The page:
- Arrange your time as you wish: this does not mean that you work less and have more time available. It just means that you have more flexibility in organizing your time as you see fit to spend with your family for example
… the most important reasons (and sustainable reasons for your business in the long-term) should evolve around helping other people to achieve their goals (in the B2C space) or other companies (in the B2B environment) to succeed in their projects.
Do your homework, research and find what your customers need in order to succeed. Then act on it.
#3 – Value proposition and execution excellence
To build a long-term viable business, as an entrepreneur, you should focus your energy towards finding a straight-forward value proposition for your customers and execute on that proposition.
I’ve been working in the Business Intelligence space for a long time. On any single day, I am very successful in interacting with a couple of customers, but just a few at a time.
Although BI and Reporting projects vary in shape from customer to customer, they all more or less follow the same pattern:
- Get user requirements
- Write specifications
- Develop the BI solution (databases, cubes, integration packages, reports)
- Test and deploy the solution to end users
Over and over again, I would repeat these steps, which would lead to very successful projects and ultimately very satisfied customers. But only a few customers at a time.
What if I could package all those lessons, best practices and knowledge accumulated over the years into something that could impact many, many more people and companies?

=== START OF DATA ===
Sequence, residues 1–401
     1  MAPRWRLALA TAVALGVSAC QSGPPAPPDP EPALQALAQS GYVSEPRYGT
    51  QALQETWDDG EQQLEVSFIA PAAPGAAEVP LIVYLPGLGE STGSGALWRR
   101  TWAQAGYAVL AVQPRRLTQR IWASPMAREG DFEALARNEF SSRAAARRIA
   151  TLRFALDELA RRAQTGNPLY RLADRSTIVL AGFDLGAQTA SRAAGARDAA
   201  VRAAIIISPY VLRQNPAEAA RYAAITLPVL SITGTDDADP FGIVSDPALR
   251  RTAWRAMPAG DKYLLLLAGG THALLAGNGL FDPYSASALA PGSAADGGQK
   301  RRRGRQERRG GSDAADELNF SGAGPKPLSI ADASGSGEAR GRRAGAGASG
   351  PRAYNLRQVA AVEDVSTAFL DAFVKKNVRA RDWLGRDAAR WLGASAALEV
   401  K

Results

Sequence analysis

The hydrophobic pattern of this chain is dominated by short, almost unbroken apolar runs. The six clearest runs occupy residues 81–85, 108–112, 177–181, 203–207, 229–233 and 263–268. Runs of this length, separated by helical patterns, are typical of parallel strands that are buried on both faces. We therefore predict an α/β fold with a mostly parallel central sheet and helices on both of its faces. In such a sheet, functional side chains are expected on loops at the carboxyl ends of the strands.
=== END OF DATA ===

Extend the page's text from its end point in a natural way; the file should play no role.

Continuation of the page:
It is that very idea that prompted me to create my own company:
“Provide the tools and services to help *more* customers get the most of their BI and reporting investment”
Agreed. This is a highly focused value proposition. But it is one that I feel very comfortable with and that I can, without any doubt, execute on.
#4 – Reading material
Of course, you don’t wake up one morning and decide you want to create your own startup. It takes time and inner thinking before you can act on your decision to create a new company.
Preparation is key and this is no shortage of information, available on the Internet. Here are a few references that you should find useful, if you are about to start your own company.
Walter Chen, Founder of iDoneThis (@idonethis), has this awesome post on “Forget about generating billions: Why entrepreneurs should create $1,000 startups”
Ash Maurya (@ashmaurya), founder of Spark59, runs a very interesting blog: Practice Trumps Theory where he shares his experience in running a lean startup”
And of course, the following web sites are a gold mine, for all startup-related topics:
I don’t aspire to become the next Bill Gates, Steve Jobs and Mark Zuckerberg. I don’t want to build the next Microsoft, Apple or Facebook.
But I do firmly believe that I have the passion, the skills, the people and the products it takes to help more customers maximize the investment in their BI infrastructure.
And that’s why I decided to create my own company.
What do you think? Is it insane to start your own business?